Categories
FEATURED New Muslims

I Found Islam.. “I Found the Qur’an”

Shakeel Malik shares his story of how he converted to Islam. He found a copy of the Qur’an at a Buddhist temple, and then he found the truth, and thus  was guided to Islam. It was the beginning of change.

When he was  Christian, Shakeel acknowledges, he didn’t believe in Jesus, but now as a Muslim he knows he does believe in Jesus.

Learn more about his conversion story from his own words in the video below…

____________________

Source: MercyforMankind.net

[ica_orginalurl]

Categories
New Muslims Reflections

Don’t Let Her Leave Islam!

 

“She is a Muslim now.” “Don’t let her leave Islam.” “Would you??”

Missing something in their lives – a great one indeed – so many people revert to Islam? But, what happens after that? The truth is many of them leave it?

So, why do so many of them leave Islam? Why do these many formerly lost hearts let go of the solace they have found?

Based on a true story, the video below tells the bitter facts …

httpv://youtu.be/vlvHjbbKX-4

[ica_orginalurl]

Categories
Conversion Stories New Muslims

Why Do So Many US Latinos Choose Islam?

By Tim Padgett

Latino Muslims

In religious terms, Latinos, like Gonzalez, say Islam provides a simpler, more direct form of worship than Catholicism does.

Just as the U.S. Latino population is on the rise, Hispanics are now the nation’s largest minority, so is the number of Latino Muslims. And it’s not just a result of Arab Latin Americans emigrating to the United States.

According to organizations like WhyIslam.org, Latinos are one of the fastest growing segments of the Muslim community. About six percent of U.S. Muslims are now Latino, and as many as a fifth of new converts to Islam nationwide are Latino.

The American Muslim Association of North America (A.M.A.N.A.), based in North Miami, says heavily Hispanic South Florida in particular is home to a rising number of Latino Muslims.

Not that conversion to Islam is easy in Latino society, as Marina Gonzalez knows. A Nicaraguan-American nurse in Miami, Gonzalez converted five years ago and wears the hijab, the Muslim women’s head garb. At first her family stopped talking to her.

“They (were) calling me Talibana,” Gonzalez recalls. “My mother, she didn’t like to go (out) with me because I wear the hijab.”

But now her mother “understands. When I go to my parents’ house they turn off the TV when I have to pray. I’m so happy.”

Najib Sowma’s first name was Dario before he converted six years ago. Today he’s a leading member of the Al-Ihsaan mosque in South Miami-Dade. But his Cuban mother was initially shocked.

“Now her views have changed,” says Sowma.

“Prior to me being Muslim to who I am now, she sees a big difference in my character.”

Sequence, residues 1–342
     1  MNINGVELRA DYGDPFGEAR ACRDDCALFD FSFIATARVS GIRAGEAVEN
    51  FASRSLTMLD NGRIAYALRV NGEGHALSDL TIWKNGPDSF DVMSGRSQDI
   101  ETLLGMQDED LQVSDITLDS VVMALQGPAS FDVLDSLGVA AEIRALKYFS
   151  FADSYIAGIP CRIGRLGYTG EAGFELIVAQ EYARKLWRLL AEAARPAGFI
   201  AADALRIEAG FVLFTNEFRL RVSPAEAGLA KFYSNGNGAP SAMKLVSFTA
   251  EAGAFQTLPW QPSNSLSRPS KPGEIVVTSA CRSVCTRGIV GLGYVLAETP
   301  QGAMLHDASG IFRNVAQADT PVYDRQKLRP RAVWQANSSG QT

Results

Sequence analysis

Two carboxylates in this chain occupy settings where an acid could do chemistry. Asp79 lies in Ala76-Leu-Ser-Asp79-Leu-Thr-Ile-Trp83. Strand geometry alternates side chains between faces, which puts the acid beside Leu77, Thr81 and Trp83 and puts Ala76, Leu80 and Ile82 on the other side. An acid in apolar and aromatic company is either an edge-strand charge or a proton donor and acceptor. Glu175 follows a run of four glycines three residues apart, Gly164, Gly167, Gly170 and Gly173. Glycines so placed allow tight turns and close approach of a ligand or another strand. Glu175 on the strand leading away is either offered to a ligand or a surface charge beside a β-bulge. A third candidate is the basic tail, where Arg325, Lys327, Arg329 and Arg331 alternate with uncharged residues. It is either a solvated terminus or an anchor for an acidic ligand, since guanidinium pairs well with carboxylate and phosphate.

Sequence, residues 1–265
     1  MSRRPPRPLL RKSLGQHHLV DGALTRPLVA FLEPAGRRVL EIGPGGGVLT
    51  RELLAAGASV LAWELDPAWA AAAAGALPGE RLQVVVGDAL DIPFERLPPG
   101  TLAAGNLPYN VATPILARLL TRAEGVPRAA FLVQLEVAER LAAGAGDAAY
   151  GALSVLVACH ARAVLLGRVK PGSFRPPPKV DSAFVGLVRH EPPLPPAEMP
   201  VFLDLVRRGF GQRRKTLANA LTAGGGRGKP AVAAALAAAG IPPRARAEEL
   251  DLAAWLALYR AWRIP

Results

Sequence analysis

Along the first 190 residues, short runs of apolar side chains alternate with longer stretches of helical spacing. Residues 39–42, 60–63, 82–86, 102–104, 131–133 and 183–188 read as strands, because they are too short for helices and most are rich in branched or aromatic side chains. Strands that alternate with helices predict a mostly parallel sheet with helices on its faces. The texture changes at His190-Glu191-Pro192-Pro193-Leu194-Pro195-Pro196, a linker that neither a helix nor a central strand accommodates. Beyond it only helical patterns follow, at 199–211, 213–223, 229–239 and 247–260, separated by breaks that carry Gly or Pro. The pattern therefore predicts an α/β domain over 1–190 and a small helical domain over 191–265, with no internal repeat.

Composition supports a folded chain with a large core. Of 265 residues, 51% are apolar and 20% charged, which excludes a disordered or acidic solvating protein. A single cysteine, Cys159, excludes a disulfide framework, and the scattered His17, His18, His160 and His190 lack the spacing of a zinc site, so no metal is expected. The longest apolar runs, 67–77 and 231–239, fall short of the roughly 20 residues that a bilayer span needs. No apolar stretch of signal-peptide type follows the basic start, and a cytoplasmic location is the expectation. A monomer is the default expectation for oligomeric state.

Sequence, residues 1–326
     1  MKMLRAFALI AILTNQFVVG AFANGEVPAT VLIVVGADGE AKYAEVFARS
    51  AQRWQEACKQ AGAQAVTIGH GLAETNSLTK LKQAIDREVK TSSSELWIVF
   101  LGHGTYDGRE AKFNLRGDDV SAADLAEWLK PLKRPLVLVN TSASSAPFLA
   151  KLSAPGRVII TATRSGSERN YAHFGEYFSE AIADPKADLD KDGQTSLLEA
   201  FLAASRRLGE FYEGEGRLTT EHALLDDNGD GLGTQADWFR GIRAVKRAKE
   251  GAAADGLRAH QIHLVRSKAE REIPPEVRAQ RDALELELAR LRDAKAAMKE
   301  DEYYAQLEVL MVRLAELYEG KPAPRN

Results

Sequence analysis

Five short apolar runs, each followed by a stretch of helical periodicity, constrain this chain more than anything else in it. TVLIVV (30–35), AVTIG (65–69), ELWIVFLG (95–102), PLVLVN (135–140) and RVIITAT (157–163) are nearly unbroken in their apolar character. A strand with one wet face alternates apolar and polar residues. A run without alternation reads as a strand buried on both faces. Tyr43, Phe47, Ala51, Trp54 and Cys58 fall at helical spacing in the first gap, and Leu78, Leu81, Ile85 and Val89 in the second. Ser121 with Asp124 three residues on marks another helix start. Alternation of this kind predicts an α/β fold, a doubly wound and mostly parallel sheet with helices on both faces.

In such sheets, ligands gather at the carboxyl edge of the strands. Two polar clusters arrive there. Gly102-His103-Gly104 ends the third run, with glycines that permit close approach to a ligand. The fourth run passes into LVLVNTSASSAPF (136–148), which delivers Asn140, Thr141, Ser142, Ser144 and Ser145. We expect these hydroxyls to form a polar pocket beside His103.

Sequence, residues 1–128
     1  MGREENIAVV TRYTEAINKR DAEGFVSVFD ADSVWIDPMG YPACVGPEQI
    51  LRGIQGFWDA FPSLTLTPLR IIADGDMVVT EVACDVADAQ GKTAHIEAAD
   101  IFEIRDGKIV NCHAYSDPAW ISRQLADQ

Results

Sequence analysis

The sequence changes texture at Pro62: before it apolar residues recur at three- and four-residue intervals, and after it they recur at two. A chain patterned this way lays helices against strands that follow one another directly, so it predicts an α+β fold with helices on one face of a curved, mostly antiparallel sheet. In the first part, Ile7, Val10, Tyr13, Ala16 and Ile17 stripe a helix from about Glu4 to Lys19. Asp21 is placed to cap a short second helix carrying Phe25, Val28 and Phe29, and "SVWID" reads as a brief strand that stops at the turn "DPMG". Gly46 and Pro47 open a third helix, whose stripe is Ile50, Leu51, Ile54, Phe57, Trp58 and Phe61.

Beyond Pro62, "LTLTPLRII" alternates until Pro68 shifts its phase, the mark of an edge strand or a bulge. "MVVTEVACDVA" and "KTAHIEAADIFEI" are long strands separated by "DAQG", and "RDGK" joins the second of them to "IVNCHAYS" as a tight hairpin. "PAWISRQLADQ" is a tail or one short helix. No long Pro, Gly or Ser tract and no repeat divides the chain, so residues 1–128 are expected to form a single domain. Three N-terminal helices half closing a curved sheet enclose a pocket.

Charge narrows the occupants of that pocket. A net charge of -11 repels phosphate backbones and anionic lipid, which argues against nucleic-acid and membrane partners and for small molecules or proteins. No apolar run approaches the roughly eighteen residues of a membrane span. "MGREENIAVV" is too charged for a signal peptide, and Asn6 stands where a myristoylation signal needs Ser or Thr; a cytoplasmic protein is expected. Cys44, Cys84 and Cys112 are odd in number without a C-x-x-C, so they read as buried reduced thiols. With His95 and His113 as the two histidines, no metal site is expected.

Spain’s Islam

If it’s a surprise that many Latinos are moving from a predominantly Roman Catholic culture to an originally Arab faith, perhaps it shouldn’t be. For one thing, like African-Americans in the 1960s, Latinos are discovering their own historical and cultural ties to Islam and the Arab world. And that starts with what most defines Latinos: Spanish.

“Our language is nurtured by more than 4,000 words that come from Arabic,” says Wilfredo Ruiz, a Puerto Rican-born Muslim who converted a decade ago and is a lawyer for the South Florida chapter of the Council of American-Islamic Relations.

“Every word in Spanish that starts with ‘al,’ for example, like alcalde, alcantarilla, almohada.”

That’s because Arab Muslims ruled Spain for some 800 years during the Middle Ages, and made the Iberian Peninsula one of the most advanced civilizations of its time. A millennium later, Ruiz says that past is an inescapable part of the Hispanic DNA.

“What most Latinos who have embraced Islam find most amazing is their cultural affinity to the Muslim culture,” says Ruiz.

“It’s like rediscovering your past. That area of our past has been hidden from us.”

Ruiz points out that both Latinos and Arabs highly value the extended family and traditions like offering hospitality to strangers. In religious terms, Latinos, like Gonzalez, say Islam provides a simpler, more direct form of worship than Catholicism does. They also feel more structure than they see in the evangelical churches so many Latinos join today.

“The connection I have with God now is better than before,” says Gonzalez.

Yet many take comfort in the overlap between Catholicism and Islam. Muslims, for example, venerate the Virgin Mary as well as Jesus, at least as a prophet.

“At the beginning when I was reading the Qur’an I said, “Oh, (Muslims) believe in the hereafter, in angels,’” says Liliana Parodi, a Peruvian-American surgical technician in Miami who converted 24 years ago.

“You know, it’s not so much difference.”

Women Converts

More Latina women convert to Islam than Latino men do. Islam is admittedly questioned for its segregation of women. But Latinas like Parodi say it’s hypocritical for a male-dominated Catholic Church – which forbids women priests, birth control and divorce – and an ultra-macho Latino society, whose Spanish-language television networks still portray women as spitfire sexpots, to criticize their new faith in that regard.

“I tell them, ‘Look at yourself,’” says Parodi. “The sad part is (when they) see women as objects.”

A decade ago, the nation’s image of a Latino Muslim was unfortunately Jose Padilla, the so-called “Dirty Bomber” who was convicted for aiding terrorists. But for Ruiz, who was also a Navy chaplain, much has changed since then, and Latinos are less fearful now of converting.